I really appreciate all of the feedback I receive from my newsletter subscribers and blog readers. One request that I hear quite often is for more quilling projects made from recycled materials, which is great because I enjoy creating them!
Several weeks ago, I stopped by a local thrift store and found a handmade cookbook from 1971. You know the kind — the recipes were all typed with a real typewriter then the pages were mimeographed and bound with a metal prong file clip into a book for the club members. It was awesome and all for only $0.50. What a bargain.
Along with the retro cookbook, I have had an old children’s puzzle in my supply stash for quite awhile (ever since the all important “last piece” went missing). When I looked in my inspiration bin and saw the cookbook and puzzle pieces, I knew I had the ingredients to cook up this week’s project — a quilled kitchen magnet.
Since your materials will differ (we are trying to use what we have, remember), I offer these general instructions as a guide for making your own Quilled Puzzle Piece Magnet.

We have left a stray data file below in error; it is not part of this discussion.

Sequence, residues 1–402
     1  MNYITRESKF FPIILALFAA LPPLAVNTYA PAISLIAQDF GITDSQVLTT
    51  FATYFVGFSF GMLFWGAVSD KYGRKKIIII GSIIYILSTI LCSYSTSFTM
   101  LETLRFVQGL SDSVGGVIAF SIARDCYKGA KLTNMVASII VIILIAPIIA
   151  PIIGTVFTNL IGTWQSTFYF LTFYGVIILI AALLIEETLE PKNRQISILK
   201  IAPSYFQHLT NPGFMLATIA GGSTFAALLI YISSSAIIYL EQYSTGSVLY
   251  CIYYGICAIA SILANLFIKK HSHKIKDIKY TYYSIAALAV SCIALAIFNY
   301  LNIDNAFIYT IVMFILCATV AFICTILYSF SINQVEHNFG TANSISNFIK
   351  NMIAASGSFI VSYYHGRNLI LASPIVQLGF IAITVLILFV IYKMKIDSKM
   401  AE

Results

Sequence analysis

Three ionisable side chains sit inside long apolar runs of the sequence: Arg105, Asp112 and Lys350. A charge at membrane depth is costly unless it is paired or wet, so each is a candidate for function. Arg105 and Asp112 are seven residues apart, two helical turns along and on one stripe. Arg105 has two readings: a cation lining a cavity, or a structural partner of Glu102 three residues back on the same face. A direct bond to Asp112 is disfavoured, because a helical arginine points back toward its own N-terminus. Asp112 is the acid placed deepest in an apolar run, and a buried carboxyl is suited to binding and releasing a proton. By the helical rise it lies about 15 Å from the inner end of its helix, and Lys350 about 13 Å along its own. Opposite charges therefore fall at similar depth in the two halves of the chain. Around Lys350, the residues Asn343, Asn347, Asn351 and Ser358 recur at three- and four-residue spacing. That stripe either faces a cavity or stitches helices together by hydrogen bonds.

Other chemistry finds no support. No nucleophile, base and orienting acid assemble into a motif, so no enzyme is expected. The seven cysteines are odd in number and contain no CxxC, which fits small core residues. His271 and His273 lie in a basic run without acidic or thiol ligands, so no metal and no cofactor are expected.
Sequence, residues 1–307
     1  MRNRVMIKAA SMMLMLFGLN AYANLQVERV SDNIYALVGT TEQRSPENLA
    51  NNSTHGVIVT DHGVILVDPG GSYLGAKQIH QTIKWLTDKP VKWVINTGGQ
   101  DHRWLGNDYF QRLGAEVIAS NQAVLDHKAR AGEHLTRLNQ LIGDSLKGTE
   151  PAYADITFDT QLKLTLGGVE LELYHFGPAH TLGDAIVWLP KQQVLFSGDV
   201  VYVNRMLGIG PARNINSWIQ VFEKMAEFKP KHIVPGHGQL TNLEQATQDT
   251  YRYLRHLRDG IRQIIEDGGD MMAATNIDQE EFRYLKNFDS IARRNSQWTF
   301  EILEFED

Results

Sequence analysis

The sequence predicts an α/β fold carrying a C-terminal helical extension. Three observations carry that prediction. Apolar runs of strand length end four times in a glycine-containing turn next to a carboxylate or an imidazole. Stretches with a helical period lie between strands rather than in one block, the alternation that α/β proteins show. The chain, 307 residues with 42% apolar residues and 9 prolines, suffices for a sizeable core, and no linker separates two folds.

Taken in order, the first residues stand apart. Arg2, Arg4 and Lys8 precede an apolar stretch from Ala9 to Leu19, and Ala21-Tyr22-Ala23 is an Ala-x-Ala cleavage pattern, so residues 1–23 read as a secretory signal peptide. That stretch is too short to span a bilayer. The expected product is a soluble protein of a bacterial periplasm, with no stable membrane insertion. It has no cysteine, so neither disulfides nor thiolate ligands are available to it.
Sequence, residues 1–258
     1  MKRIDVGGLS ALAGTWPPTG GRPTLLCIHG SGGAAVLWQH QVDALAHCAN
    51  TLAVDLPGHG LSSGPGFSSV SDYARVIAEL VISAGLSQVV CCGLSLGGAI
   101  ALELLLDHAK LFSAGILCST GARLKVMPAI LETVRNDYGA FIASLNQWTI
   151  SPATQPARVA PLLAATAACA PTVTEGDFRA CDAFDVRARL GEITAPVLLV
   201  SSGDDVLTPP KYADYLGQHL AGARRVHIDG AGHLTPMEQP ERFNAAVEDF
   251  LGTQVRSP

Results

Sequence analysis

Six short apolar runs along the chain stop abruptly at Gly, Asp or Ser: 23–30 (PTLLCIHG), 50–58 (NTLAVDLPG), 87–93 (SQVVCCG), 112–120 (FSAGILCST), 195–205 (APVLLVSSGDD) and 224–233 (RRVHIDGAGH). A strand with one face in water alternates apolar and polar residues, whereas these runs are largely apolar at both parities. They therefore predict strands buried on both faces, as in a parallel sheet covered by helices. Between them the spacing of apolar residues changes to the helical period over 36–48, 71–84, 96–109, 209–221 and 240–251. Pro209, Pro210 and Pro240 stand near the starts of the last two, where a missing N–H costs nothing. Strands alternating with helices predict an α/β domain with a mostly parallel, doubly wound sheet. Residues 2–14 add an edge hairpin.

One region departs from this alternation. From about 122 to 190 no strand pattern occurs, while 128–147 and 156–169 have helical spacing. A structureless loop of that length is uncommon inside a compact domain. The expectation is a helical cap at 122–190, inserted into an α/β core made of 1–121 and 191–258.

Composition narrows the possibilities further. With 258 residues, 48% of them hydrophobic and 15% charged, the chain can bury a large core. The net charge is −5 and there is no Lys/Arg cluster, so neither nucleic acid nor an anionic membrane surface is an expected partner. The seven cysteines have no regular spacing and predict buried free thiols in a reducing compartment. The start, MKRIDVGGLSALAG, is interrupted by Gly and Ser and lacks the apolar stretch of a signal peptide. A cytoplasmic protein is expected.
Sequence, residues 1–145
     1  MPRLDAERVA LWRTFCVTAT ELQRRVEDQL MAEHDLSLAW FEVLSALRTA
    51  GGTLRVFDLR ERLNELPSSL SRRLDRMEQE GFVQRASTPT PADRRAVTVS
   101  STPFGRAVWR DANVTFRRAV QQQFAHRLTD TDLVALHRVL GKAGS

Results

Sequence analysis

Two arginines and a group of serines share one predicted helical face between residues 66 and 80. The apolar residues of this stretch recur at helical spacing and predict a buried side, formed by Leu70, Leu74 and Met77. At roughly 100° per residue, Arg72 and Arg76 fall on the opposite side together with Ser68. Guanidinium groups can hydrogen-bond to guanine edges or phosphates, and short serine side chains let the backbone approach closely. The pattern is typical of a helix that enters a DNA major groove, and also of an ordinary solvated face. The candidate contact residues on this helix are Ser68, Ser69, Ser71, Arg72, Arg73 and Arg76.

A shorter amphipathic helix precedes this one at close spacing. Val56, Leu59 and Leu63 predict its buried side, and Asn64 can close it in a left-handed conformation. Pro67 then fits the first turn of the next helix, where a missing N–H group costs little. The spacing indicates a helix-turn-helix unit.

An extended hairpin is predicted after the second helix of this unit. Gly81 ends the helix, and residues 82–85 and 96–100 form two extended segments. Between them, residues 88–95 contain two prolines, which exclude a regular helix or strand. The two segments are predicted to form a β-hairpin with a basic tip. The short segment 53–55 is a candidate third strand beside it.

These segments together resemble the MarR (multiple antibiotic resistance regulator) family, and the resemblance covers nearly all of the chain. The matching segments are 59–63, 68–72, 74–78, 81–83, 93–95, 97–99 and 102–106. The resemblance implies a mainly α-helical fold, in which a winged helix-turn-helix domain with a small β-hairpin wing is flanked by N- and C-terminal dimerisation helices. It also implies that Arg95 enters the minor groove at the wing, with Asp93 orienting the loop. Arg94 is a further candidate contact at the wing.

You will need
Chipboard puzzle piece
Background paper (scrapbook paper, old wallpaper, etc.)
Recipe (from old book, newspaper, magazine, etc.)
Quilling paper, 1/8″ wide
Sandpaper or emery board
Permanent fine-line marker, black
Distress ink (I used Tim Holtz’s Tea Dye)
Spray acrylic sealer (optional)
- Turn your puzzle piece so that the plain chipboard side is facing up (this will be the front of your magnet) and place it onto your background paper (right side of paper facing up), trace around the puzzle piece and cut out. Spray the front of the puzzle piece and the back side of the cut-out background paper with spray adhesive and adhere the two together.
Tear the recipe to fit the puzzle piece and glue in place. Clean up the edges of the puzzle piece by sanding them with the sand paper or emery board.
Dab the cotton swab on the ink pad and highlight the edges of the puzzle piece and torn edges of the recipe. Using the permanent marker, make stitch marks around the edges of the puzzle piece.
You are now ready to add the quilling. Here is where you can get creative matching the quilling to your chosen recipe. Since the one I selected was “Cherries in the Snow,” I added ripe red cherries with green leaves. This design would also work well with a cherry pie or tart recipe.
Spray the puzzle piece with an acrylic sealer (optional), glue a magnet to the back, and you’re done.
If you want THE gift for a special holiday that is sure to touch the recipient’s heart, make a copy of a handwritten recipe from a cherished family member and use it on the magnet, matching your quilling to the recipe. If your family is anything like mine, be ready for a big hug and have an extra tissue handy.